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Creator says "Flappy Bird" will come back -- just not soon

This picture taken on February 5, 2014 shows Nguyen Ha Dong, the author of the game Flappy Bird relaxing inside a coffee shop in Hanoi. The Vietnamese developer behind the smash-hit free game Flappy Bird has pulled his creation from online stores after announcing that its runaway success had ruined his 'simple life'.
AFP/Getty Images

The ultra-popular, but no-longer-available, video game "Flappy Bird" may be coming back -- but not anytime soon, according to its creator.

When a Twitter user asked him if he was going to put "Flappy Bird" back in the App Store, Dong Nguyen tweeted, "Yes. But not soon."


After being downloaded more than 50 million times by users in 100 countries and making $50,000 per day, Nguyen abruptly removed "Flappy Bird" in February, saying that people were becoming too addicted. Phones with the game installed were once listed on eBay for up to a $100,000, but since then, have gone down in price. You can now buy a phone with "Flappy Bird" for a low, low price of $15,000.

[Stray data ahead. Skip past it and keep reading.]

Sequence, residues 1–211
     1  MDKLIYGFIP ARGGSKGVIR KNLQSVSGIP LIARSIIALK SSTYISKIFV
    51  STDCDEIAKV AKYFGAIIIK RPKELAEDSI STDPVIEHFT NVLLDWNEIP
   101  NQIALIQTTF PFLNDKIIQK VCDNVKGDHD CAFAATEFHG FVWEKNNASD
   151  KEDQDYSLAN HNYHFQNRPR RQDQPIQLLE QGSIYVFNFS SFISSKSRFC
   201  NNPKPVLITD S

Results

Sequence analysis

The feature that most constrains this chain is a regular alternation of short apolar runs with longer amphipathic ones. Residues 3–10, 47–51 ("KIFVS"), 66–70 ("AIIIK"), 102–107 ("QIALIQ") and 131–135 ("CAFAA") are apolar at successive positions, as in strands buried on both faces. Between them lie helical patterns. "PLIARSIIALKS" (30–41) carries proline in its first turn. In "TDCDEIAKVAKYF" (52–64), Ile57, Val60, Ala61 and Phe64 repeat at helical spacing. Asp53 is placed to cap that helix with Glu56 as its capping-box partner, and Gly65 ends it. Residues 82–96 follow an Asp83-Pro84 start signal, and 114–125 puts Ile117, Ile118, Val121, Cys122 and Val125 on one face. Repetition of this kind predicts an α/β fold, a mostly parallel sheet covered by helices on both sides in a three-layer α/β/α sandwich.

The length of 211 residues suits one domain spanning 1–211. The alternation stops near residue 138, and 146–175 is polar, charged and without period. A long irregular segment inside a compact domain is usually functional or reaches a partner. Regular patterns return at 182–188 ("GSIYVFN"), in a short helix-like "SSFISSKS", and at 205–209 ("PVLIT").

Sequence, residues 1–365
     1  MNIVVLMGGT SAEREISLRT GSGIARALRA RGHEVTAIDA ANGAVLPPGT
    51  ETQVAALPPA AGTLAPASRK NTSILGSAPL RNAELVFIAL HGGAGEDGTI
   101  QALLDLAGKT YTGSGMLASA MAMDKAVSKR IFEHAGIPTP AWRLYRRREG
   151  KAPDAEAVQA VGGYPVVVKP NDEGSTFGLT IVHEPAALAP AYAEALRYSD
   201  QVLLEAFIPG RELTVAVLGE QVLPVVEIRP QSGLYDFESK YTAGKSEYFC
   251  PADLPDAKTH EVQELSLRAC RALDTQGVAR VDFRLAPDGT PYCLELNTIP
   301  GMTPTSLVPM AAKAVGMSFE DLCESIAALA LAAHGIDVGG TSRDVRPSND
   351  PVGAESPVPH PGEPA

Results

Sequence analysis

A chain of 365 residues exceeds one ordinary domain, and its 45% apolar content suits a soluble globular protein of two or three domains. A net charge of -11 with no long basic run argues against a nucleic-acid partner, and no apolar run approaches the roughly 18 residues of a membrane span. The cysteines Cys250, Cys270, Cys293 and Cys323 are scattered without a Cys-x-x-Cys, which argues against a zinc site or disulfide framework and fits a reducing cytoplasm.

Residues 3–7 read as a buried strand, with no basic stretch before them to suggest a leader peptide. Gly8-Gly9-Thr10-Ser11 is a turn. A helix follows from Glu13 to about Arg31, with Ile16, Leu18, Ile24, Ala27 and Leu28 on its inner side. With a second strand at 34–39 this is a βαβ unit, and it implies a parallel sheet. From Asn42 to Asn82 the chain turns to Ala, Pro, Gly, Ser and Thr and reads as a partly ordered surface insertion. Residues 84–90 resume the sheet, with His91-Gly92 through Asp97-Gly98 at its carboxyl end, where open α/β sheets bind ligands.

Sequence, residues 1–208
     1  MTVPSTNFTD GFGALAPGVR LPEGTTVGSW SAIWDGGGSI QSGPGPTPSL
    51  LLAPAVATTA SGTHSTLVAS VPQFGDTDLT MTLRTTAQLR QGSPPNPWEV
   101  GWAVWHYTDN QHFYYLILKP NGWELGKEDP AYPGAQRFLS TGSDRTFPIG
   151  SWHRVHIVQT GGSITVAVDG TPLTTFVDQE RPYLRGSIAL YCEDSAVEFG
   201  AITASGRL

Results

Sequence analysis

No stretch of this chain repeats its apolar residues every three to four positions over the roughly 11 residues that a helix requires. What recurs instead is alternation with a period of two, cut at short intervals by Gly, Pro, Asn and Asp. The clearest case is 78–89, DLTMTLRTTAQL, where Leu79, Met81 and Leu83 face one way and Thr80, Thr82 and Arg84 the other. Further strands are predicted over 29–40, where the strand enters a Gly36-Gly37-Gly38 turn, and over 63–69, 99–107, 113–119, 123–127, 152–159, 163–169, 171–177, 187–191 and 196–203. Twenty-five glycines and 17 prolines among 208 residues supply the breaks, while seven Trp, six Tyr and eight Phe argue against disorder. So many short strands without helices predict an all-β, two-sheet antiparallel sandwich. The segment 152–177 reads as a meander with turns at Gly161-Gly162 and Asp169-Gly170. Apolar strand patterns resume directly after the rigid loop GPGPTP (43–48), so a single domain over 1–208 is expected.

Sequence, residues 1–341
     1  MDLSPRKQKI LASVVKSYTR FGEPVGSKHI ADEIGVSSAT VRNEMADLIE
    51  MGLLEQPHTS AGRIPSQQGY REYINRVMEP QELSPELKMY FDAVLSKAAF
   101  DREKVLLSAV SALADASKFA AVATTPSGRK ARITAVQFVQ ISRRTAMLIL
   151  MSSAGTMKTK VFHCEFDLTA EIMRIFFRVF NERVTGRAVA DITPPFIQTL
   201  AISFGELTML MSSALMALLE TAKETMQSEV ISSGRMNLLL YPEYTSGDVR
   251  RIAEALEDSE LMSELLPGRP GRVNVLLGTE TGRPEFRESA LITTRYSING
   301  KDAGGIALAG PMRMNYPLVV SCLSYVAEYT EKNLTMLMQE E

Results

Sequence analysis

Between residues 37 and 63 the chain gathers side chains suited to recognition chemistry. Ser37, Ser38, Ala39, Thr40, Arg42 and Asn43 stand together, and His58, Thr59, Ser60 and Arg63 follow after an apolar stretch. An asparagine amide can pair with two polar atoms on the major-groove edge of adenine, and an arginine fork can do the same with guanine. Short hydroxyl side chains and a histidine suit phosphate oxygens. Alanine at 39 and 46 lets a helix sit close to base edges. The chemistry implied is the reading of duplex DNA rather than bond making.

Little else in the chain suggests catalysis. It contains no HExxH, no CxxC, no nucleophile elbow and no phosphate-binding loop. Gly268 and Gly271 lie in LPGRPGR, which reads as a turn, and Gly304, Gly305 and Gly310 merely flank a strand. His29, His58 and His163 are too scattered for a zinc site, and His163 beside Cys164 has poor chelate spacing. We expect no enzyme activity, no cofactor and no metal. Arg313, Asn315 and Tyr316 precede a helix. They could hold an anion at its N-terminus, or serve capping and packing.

The 28-year-old Vietnamese developer behind the highly addictive mobile game sat down with Rolling Stone magazine earlier this month. He told the magazine that after being released last spring and a few months of inactivity, the game went viral in December -- and that was the beginning of the end.

The instantaneous rise to number one in the App Store and Google Play raised questions about whether Nguyen had artificially boosted rankings. It also spurned unwanted attention from local Vietnamese paparazzi and messages from annoyed parents, saying that the game was distracting children. He felt the instant fame and fortune was too much, ruining his "simple" life.

"It is something I never want," he tweeted early February. "Please give me peace."

At the time of the interview, Nguyen was not working on a new version of the game, but hinted he would consider releasing "Flappy Bird" again, adding that he will include a warning "to please take a break."

Now, it appears that he plans to release a "better" version of "Flappy Bird."